San Francisco Airport Terminal Shuts Down After TSA Found Loaded Magazine

While ammunition can be transported in checked luggage, it isn't allowed in carry-on baggage, according to the TSA

A security threat Saturday morning at San Francisco International Airport led to the closure of some boarding areas and grounding of flights, according to an airport spokesman.

The shutdown resulted when a loaded magazine was brought by a passenger through a security checkpoint around 6:35 a.m., airport duty manager Chris Morgan said. 

As a result, the boarding areas at security checkpoints F1 and F3 in Terminal 3 and checkpoint G in the International Terminal were closed for about an hour until law enforcement agents were able to locate and interview the passenger.

Flights that were not already on the taxiway also were grounded while the search was conducted, Morgan said. The affected flights mostly involved United Airlines.

Transportation Security Administration agents flagged the suspicious item in the passenger's bag at the security checkpoint but mistakenly pulled the wrong bag for inspection, allowing the passenger to proceed into the terminal with the loaded magazine, Morgan said.

"The passenger was located, interviewed by law enforcement, cited and was allowed to continue to travel. Flights resumed normal operations after a 38 minute ground stop," TSA said in a statement.

The airport was packed with people standing in lines. Many of them traveled into town for the Game Developer Conference in San Francisco and were waiting for the security checkpoints to reopen.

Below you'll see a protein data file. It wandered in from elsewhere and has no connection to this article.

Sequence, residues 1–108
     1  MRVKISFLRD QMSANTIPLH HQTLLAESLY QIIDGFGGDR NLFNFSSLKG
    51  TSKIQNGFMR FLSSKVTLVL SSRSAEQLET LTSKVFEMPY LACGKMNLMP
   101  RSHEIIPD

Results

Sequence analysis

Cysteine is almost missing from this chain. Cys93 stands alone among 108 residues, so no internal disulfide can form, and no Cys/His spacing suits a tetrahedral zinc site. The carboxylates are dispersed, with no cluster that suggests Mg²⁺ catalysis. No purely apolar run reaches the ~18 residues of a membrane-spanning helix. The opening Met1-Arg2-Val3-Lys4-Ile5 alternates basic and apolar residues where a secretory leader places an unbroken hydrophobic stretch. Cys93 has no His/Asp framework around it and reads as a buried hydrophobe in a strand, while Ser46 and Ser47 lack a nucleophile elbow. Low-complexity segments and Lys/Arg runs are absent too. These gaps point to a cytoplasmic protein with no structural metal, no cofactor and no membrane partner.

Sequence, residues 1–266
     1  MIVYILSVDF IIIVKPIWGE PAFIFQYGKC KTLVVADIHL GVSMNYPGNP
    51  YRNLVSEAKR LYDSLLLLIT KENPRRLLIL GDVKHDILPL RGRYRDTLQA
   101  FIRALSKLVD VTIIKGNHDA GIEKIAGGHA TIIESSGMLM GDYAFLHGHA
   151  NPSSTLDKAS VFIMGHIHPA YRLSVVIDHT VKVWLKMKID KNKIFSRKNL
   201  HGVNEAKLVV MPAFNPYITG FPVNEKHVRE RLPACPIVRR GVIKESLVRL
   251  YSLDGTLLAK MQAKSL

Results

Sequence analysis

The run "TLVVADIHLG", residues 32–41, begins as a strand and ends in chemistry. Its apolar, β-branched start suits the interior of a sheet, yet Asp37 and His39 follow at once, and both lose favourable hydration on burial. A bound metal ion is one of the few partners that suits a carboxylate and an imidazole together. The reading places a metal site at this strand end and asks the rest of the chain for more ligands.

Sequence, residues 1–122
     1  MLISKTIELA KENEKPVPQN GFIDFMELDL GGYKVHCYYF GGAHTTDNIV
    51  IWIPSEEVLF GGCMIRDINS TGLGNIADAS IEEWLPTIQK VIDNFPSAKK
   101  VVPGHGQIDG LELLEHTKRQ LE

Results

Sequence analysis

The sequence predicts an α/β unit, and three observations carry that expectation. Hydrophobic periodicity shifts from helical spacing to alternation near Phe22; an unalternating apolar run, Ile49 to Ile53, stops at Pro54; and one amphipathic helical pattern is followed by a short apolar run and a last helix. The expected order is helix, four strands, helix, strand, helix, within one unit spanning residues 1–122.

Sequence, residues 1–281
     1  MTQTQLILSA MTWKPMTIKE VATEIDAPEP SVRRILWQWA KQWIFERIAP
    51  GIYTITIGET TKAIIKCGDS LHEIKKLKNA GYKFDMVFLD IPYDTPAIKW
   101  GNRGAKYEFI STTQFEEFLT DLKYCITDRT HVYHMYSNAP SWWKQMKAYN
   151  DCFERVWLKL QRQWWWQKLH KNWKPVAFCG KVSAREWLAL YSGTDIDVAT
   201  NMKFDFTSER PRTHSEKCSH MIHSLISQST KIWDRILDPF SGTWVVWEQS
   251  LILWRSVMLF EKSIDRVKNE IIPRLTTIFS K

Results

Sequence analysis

"The pre-check line at SFO is no joke 5,000 people long," Andrew Forbes wrote on Twitter. 

Airport operations returned to normal around 9 a.m., Morgan said.

While ammunition can be transported in checked luggage, it isn't allowed in carry-on baggage, according to the TSA. It wasn't immediately clear where officers located the magazine.

Those traveling with firearm magazines and ammunition clips must secure them in a box or in a hard-sided case.

"Unfortunately all these security systems every airport puts in place, the weakest link is the human factor," Aviation analyst Mike McCarron said.

TSA said agents at SFO are private security personnel and the agency said it will work with their contractor to investigate what happened and how.

Officials said the passenger was cited by San Francisco police. The TSA may impose a civil penalty of up to $13,333 per violation.

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